6th largest market in the world (after the U.S., Japan, Germany, U.K. and

He also mentions the main differences in the way which China and
India handled deregulation. They are as follows:

a) Both have followed the path of deregulation and privatization –

China started it in 1979 and India in 1991.

b) The Insurance business in India has a premium volume of $ 8.3

billion in 1999 whereas in China the premium volume is $ 16.8
billion in 1999.

c) In China, the people’s insurance company of China (PICC) had a

monopoly between 1949 and 1959. In 1959, insurance business
was deemed capitalistic and all forms of insurance were
suspended. The insurance business reopened in 1979, the PICC
reassumed its old role as the monopoly.

d) In China, the China Insurance Regulatory Commission (CIRC)

was set up in November 1998, well after the first Insurance law
was promulgated in 1995. In India, the Insurance Regulatory
Development Authority (IRDA) was launched first with the
authority to issue licenses.


e) In China, foreign insurers need to have a representative office for

three years before they can submit a proposal for operation. In
India, there is no such requirement.

f) In China, foreign insurers can only own 25% of the total value of
the market. In India, the limit is set at 26% per company. In
China, there is no limit at the company level. Thus, a foreign
company can own 100% of an approved insurance company in

g) In India, the licenses are national. A company with a license can

operate in any part of the country. In China, on the other hand,
foreign companies are restricted to operation in two metropolitan

h) The IRDA is a law implementing body. On the other hand, the

CIRC has been a law making body.

In conclusion, he states that the general insurance business is

expected to grow from U.S. $ 1.8 billion in 1998 to $ 12 billion in 2008.
The Monitor Group Report predicts that the private companies would have
an easier access to the general insurance business. The market share of the
newcomers will be 40-50% of the total market. The cause for better market
penetration for the new companies comes from the fact that it makes no
difference for the insured to switch companies. Unlike, life insurers, it is
not expensive to switch insures. However, the lack of good data would
hamper the newcomers. 5

Dr.Tapen Sinha (2002), “Privatization of the insurance market in India: from the
British Raj to Monopoly Raj, to Swaraj”, CRLS discussion paper series, dated 09-05-2005, p 9.

Review of Literature

2.1.6 Dimitri Vittas, in his World Bank Policy Research Working Paper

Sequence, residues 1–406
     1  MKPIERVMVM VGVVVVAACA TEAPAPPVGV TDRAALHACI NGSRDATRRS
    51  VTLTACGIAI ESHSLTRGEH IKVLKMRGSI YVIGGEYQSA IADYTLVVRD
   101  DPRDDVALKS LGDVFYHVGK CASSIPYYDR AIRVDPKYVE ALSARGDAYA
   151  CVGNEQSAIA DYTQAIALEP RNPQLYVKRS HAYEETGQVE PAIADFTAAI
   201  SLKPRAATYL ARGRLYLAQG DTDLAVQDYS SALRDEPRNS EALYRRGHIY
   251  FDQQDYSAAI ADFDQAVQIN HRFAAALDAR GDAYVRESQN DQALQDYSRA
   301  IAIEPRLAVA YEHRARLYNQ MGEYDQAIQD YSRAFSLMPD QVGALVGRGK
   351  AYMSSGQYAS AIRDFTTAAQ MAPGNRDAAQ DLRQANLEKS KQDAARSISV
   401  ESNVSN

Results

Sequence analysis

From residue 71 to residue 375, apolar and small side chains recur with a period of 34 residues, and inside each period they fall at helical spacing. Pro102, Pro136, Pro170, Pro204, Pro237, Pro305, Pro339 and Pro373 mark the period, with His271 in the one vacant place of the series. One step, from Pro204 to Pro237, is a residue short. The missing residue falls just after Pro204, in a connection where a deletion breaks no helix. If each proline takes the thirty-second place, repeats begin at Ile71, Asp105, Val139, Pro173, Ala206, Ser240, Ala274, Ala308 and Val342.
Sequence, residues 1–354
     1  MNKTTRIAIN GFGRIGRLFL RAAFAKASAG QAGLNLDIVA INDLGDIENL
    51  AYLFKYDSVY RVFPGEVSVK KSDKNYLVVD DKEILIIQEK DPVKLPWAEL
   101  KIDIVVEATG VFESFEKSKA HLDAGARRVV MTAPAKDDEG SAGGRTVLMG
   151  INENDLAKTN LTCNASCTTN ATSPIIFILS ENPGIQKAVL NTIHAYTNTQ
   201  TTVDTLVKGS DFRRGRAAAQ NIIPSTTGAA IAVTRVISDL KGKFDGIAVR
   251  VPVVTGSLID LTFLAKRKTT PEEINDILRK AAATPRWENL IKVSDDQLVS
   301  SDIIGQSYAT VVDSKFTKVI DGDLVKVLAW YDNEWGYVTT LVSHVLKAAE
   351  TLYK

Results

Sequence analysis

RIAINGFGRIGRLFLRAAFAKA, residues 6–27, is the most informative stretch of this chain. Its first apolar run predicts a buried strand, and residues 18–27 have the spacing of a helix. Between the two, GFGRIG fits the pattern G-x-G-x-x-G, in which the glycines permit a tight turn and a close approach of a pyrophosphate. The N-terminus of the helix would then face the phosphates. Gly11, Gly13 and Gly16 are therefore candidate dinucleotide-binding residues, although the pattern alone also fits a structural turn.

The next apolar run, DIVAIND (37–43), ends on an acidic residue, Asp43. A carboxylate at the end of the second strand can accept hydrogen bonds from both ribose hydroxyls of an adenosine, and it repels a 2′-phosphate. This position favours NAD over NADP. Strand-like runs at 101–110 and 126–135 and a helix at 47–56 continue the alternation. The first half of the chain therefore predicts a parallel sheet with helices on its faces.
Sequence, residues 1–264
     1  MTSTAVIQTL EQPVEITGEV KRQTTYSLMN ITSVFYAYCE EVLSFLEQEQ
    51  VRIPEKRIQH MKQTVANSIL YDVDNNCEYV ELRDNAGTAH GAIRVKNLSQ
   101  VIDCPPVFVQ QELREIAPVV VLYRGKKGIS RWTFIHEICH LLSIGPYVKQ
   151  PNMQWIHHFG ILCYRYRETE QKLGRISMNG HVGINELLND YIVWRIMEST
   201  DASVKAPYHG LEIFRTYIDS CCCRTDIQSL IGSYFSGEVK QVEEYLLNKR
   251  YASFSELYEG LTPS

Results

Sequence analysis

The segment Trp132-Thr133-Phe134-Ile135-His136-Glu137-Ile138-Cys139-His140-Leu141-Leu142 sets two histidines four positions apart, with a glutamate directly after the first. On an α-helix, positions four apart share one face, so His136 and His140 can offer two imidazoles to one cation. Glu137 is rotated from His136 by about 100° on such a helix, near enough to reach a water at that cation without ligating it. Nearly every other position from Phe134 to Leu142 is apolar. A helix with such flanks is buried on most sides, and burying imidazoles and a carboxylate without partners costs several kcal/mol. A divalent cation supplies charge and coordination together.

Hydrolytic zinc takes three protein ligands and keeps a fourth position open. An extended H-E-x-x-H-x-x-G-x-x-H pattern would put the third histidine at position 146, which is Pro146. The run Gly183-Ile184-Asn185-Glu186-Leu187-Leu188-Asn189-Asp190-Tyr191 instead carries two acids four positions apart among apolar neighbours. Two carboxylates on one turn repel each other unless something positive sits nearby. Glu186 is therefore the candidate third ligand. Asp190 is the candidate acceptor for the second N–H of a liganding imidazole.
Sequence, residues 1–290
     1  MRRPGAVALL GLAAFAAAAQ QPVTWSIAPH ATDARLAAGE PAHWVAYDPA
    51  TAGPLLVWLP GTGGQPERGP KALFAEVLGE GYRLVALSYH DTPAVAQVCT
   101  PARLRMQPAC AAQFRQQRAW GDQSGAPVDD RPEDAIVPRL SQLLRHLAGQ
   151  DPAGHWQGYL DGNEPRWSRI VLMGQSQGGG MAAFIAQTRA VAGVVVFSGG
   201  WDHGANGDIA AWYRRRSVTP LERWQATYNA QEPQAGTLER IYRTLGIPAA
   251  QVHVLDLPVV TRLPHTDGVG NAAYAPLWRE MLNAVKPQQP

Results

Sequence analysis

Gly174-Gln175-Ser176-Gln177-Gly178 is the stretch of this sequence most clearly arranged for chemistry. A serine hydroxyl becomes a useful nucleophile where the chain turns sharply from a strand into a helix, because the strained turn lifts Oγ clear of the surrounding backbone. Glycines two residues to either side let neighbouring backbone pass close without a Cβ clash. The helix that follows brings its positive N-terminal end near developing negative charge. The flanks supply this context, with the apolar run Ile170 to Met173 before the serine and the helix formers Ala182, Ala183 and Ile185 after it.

“Insurance Regulation in Jordan New Rules - Old System” reported that
the Jordanian insurance market has been free from extensive state
ownership and pervasive premium, product, investment and reinsurance
controls. However, these positive features have been marred by the
licensing of a large number of private companies, often on political rather
than professional criteria, and the resulting fragmentation of the sector.
Various policies have perpetuated the fragmentation of the sector, while
regulatory forbearance has allowed the continuing operation of several
weak companies. Despite the avoidance of pervasive controls and
extensive state ownership and the presence of a large number of private
companies, the insurance industry is not well developed. This mainly
reflects the underdevelopment of life insurance. In contrast, the level of
general insurance is comparable to several other developing countries in
the region and elsewhere. A major modernization effort has been
undertaken in recent years. This has included the enactment of a new
insurance law and the creation of a new Insurance Commission. The
latter has made considerable progress in expanding its staff, undertaking
a wide-ranging training program to upgrade skills, and implementing a
multi-year action plan aiming at modernizing the regulatory framework
and enhancing the efficiency of the sector. The new rules entail the use
of sound licensing and financial solvency criteria, while reducing the role of
political favouritism and regulatory forbearance in deciding the fate of ailing
companies. However, several of the modern rules are difficult to implement
because of the predominance of family-based companies, the shortage of
experienced non-executive directors, the dearth of specialized professionals
such as actuaries and auditors, the absence of comprehensive statistical
databases, and the lack of liquidity of asset markets.


To overcome these difficulties, the Insurance Commission needs to

strengthen its proactive approach to insurance supervision, complement the
role of company directors, and even develop asset valuation models. Its
success requires a change of traditional attitudes and acceptance of the rigors
of a sound regulatory framework as well as strong political backing for early
remedial intervention of weak companies. Another major challenge is the
development of life insurance. In addition to strong fiscal incentives, this
would also require a robust regulatory framework to protect the interests of
policy holders. 6

2.2 National Studies

Now drifting towards the national scenario, we can make a closer